Tax consequences liquidating corporation
The buyer wants as much money as possible to be allocated to items that are currently deductible, such as a consulting agreement, or to assets that can be depreciated quickly.
This will improve the business's cash flow by reducing its tax bill in the critical first years.
As the seller, you will probably want to allocate most, if not all, of the purchase price to the capital assets that were transferred with the business.
You want to do that because proceeds from the sale of a capital asset, including business property or your entire business, are taxed as capital gains.
Amounts paid under noncompete agreements are ordinary income to you and amortizable over 15 years by the buyer, unless the IRS successfully argues they are really part of the purchase price.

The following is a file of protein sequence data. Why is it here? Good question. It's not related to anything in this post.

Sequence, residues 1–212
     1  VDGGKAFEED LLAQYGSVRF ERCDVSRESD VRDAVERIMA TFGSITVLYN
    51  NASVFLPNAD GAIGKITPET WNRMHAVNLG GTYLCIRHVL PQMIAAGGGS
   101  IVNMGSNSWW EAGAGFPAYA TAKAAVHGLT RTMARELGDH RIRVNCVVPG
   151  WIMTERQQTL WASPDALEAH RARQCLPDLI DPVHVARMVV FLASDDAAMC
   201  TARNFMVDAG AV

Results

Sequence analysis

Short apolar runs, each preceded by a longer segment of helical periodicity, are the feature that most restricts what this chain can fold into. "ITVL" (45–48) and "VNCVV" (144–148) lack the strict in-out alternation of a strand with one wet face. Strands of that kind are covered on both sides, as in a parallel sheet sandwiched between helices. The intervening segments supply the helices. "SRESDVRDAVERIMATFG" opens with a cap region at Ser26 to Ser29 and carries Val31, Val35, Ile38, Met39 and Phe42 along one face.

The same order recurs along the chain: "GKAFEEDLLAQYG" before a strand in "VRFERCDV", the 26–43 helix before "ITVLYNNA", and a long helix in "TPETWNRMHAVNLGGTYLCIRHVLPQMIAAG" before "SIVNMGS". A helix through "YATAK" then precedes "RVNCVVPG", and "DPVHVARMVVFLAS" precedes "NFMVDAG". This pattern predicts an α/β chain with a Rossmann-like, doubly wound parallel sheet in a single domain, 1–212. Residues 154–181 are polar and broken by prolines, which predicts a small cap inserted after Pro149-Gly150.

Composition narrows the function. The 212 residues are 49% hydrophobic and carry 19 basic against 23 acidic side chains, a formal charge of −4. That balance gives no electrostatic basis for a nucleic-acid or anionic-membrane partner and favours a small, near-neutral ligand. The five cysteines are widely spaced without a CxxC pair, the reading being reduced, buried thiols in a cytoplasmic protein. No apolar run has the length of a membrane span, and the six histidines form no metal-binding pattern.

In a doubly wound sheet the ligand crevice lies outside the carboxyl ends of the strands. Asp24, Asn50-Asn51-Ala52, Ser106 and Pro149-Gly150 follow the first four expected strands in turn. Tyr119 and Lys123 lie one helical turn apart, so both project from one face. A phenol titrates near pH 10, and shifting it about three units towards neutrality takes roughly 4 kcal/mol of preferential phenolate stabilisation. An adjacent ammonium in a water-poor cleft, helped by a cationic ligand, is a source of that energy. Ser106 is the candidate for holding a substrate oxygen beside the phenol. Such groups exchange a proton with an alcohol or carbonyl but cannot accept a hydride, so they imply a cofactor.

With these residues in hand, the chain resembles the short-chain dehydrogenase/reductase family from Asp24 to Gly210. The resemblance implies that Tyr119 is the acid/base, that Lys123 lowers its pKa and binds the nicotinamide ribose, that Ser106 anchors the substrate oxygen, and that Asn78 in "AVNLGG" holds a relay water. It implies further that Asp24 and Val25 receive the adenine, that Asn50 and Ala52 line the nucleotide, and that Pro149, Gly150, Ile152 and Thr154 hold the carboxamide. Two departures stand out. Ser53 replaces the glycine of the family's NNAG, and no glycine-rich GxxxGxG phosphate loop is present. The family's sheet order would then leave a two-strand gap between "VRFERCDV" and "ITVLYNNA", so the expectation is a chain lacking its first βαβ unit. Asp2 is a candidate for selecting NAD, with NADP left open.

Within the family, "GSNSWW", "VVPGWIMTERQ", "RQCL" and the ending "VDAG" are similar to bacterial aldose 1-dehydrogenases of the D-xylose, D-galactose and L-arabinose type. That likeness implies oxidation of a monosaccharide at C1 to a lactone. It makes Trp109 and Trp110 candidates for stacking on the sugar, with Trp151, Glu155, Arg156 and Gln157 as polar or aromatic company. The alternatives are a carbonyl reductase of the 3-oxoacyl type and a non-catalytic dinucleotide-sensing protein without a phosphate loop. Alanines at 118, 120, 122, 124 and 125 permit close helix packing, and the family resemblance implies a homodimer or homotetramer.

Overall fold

Amounts paid under consulting agreements are ordinary income to you and currently deductible to the buyer.
If you negotiate a total price for the business, you and the buyer must agree as to what portion of the purchase price applies to each individual asset, and to intangible assets such as goodwill.The seller, on the other hand, wants as much money as possible allocated to assets on which the gain is treated as capital gains, rather than to assets on which gain must be treated as ordinary income.The reason is that the tax rate on long-term capital gains for noncorporate taxpayers is much lower than the highest maximum individual tax rate.According to IRS rules, the buyer and seller must use the same allocation, so the allocation will have to be negotiated and put in writing as part of the sales contract.Apportioning the price between assets can be a big bone of contention.
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Given that most small business owners who are successful in selling their company are in high tax brackets, this rate differential is very important in reducing tax liability.